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In The Red Records' Larry Hardy: "I Had The Stooges' 'Raw Power' by Late 1975, Way Before Punk Rock"

Larry Hardy is the founder and owner of In the Red Records (ITR). For the past 33 years, ITR has been one of the leading independent labels. ITR's discography runs the gamut from The Gories to Andre Williams to Redd Kross. Throughout all the turbulence that's impacted the record industry—from streaming destroying the traditional business model, long vinyl turnaround times, etc.—Hardy and ITR have persevered. Most importantly, the quality of the label's releases has never wavered. The following interview is the first segment of a three-part series. It covers Hardy's early years, stopping just short of ITR's founding in 1991. Segment two will cover ITR's history from 1991-2000. The last installment will go over the years 2000 to the present.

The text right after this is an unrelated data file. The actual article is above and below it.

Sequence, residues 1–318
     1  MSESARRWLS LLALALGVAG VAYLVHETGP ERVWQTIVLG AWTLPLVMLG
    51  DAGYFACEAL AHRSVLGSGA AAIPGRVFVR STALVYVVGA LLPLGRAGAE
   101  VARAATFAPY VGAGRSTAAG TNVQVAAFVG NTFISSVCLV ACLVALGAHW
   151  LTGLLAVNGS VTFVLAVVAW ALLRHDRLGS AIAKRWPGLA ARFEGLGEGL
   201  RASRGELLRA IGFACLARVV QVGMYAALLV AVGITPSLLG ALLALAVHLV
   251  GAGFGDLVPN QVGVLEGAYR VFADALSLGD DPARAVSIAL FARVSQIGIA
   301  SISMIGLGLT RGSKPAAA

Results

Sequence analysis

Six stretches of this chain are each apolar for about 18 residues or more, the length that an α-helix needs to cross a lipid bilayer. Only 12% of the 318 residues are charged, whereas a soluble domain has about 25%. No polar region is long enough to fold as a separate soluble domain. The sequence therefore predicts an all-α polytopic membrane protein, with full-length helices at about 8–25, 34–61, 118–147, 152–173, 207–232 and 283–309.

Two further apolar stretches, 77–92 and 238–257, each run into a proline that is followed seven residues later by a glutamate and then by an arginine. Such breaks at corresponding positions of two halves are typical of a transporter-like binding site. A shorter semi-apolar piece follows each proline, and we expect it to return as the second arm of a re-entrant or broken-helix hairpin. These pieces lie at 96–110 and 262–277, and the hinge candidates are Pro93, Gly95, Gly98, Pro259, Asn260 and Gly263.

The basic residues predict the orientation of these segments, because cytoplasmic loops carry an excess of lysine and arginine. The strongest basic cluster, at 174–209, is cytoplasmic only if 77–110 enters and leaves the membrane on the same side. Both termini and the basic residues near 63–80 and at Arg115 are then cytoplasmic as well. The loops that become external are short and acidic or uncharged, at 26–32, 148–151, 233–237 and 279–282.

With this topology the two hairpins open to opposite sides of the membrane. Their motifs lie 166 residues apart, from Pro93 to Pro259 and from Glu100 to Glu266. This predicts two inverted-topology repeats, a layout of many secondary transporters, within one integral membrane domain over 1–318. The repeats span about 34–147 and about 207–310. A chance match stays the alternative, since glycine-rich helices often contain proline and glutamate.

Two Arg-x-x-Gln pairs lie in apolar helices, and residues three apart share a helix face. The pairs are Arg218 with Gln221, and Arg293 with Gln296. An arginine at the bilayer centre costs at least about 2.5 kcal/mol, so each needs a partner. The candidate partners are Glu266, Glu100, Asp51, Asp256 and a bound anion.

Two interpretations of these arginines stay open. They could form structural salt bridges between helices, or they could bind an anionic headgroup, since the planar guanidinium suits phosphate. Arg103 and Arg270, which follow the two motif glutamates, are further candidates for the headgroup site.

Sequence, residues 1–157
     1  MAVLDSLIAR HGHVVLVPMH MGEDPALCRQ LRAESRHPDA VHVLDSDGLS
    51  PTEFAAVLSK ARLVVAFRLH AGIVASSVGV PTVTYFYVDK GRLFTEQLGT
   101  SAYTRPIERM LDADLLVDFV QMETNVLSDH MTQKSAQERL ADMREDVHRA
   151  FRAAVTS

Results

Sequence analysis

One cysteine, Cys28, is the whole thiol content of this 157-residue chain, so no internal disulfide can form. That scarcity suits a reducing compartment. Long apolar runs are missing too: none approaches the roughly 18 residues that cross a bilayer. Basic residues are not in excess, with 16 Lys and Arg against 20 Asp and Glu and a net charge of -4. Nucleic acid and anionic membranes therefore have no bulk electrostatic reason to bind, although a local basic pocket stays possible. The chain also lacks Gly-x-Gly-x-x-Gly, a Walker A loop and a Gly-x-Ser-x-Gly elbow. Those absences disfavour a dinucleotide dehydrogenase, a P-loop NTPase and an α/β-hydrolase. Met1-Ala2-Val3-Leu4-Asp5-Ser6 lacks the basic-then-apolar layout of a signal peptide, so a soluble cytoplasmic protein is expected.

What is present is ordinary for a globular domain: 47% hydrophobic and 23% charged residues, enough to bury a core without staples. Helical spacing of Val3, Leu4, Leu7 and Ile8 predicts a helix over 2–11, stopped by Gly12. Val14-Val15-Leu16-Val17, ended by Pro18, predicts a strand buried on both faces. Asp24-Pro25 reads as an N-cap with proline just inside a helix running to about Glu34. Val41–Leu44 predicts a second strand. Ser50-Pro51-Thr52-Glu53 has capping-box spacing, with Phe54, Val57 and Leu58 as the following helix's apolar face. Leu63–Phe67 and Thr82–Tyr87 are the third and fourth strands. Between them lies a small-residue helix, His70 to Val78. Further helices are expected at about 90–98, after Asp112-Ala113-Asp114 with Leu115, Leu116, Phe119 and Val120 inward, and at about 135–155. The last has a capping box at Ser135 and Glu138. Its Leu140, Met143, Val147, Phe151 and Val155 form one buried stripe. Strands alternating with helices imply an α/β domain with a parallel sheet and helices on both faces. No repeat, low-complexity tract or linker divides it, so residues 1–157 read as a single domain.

In The Red Records Founder Larry Hardy at age 18. Photo Provided.

Ryan Leach: You were born in Anaheim, California, correct?

Larry Hardy: Yes. November of 1962.

RL: What did your folks do? 

LH: My mom was a stay-at-home mom. My dad had spent most of his career in the Navy. When they had me, they were older. I was an accident. By that time, my dad was a foreman at some factory. But my parents had split before I was in first grade. I was with my mom from there on out. 

RL: You were an only child?

LH: It was just me.

RL: You lived in Orange County for a long time.

LH: Yes. Up until my late twenties when I moved to Los Angeles with my first wife (Melanie Vammen). Once I moved out of my parents' house in Anaheim, I lived in Fullerton. So, I didn't get far. 

RL: Many people don't realize that Orange County is Richard Nixon country. They think Southern California is all liberal.